Follow signs towards Rifugio Pisciadú that specify “Via Ferrata/Kleitersteig” (there is an alternate route that requires much less climbing, but where’s the fun in that?!). The trail leads you below the high limestone walls and, after about 45min of hiking, onto cables that continue for more than 400m (1300ft) of sustained climbing.
Before the final stretch (about 2hrs from the cable car), there is a bail-out marked as “easy climb” that avoids the most challenging via ferrata, but also many of the route highlights— stay the course and continue upwards for another 40min!
Built in 1960 by the Italian Army, Brigata Tridentina is considered to be the most popular via ferrata in the Dolomites and we’d heard plenty of stories about long lines and tediously slow crowds, but were entirely alone on the cables by about 4pm— yet another reason this I’d recommend stopping to complete the 2 earlier via ferrata!
Between the hundreds of pegs, stemples, rungs, ladders, and even the iconic suspension bridge connecting Torre Exner and Mur de Pisciadú, Brigata Tridentina was hands down one of the best via ferrata I completed during my month in the Dolomites.
Difficult sections add intrigue, the exposure is often dizzying, and the views are unparalleled— this is via ferrata at its absolute best, a true marriage between big wall climbing and protected scrambling.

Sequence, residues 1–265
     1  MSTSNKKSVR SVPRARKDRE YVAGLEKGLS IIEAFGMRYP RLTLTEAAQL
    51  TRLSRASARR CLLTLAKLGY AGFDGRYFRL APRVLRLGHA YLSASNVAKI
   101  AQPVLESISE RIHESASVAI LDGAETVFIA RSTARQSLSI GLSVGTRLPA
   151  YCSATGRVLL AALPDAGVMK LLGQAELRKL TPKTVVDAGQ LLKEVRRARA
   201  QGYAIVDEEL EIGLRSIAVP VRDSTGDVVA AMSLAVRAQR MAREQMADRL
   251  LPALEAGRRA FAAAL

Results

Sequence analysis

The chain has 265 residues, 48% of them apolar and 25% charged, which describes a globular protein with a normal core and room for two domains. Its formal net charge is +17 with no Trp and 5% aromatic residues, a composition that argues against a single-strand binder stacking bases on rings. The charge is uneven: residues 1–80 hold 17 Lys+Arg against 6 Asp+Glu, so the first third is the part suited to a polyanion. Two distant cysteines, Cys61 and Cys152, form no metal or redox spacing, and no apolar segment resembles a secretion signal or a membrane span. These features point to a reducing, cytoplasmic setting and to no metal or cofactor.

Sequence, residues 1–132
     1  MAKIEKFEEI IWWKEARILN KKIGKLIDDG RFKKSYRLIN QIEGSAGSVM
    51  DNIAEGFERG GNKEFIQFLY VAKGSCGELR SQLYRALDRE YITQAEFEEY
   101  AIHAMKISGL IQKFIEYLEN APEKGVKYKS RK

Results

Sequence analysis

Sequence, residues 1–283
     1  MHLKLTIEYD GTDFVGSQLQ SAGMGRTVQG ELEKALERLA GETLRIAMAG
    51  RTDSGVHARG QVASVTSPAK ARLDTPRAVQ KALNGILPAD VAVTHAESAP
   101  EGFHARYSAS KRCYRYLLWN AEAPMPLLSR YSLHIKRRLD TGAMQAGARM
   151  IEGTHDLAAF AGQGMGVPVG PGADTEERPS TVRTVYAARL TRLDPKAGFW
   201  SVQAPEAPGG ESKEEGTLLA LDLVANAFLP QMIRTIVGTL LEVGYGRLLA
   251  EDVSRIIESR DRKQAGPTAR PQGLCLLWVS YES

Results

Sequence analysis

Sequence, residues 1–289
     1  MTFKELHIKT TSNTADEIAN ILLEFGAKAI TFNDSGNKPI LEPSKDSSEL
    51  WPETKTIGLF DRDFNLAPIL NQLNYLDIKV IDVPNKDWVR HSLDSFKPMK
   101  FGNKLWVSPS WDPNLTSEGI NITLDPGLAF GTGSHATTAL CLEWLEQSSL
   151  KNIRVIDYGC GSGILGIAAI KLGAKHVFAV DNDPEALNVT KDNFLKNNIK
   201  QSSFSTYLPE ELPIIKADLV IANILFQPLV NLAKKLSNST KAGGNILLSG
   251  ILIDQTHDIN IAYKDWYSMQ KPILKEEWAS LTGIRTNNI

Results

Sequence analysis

Once off the wire, it’s a gradual 15min ascent to Rifugio Pisciadú, where a well-earned meal and a deep sleep await!
Night 3: Rifugio Pisciadú
Situated beneath the soaring Sella Group and Pisciadú Peak, Rifugio Pisciadú was among my favourite huts (and the approach on Via Ferrata Brigata Tridentina definitely influenced that!).
The views are wonderful, the dining room is cozy and intimate, the food is simple but hearty, and the rooms are very comfortable— we managed to get a 6-bed dorm all to ourselves, which meant double pillows and double blankets for me. Reserve Rifugio Pisciadú on their website.
- Rooms: 33€ (dorms only, but some small dorms & our 3pax had 6pax room to ourselves)
- Food: A la carte (approx 10-15€ for dinner, 14€ for 1L of wine, 4.5€ Aperol spritz, 12€ breakfast)
- Showers: 3€ for 4min (4-6pm only)
- Connectivity: Wifi & weak mobile signal
- Alpine club discount: -10€ half board
RIFUGIO GUIDE COMING SOON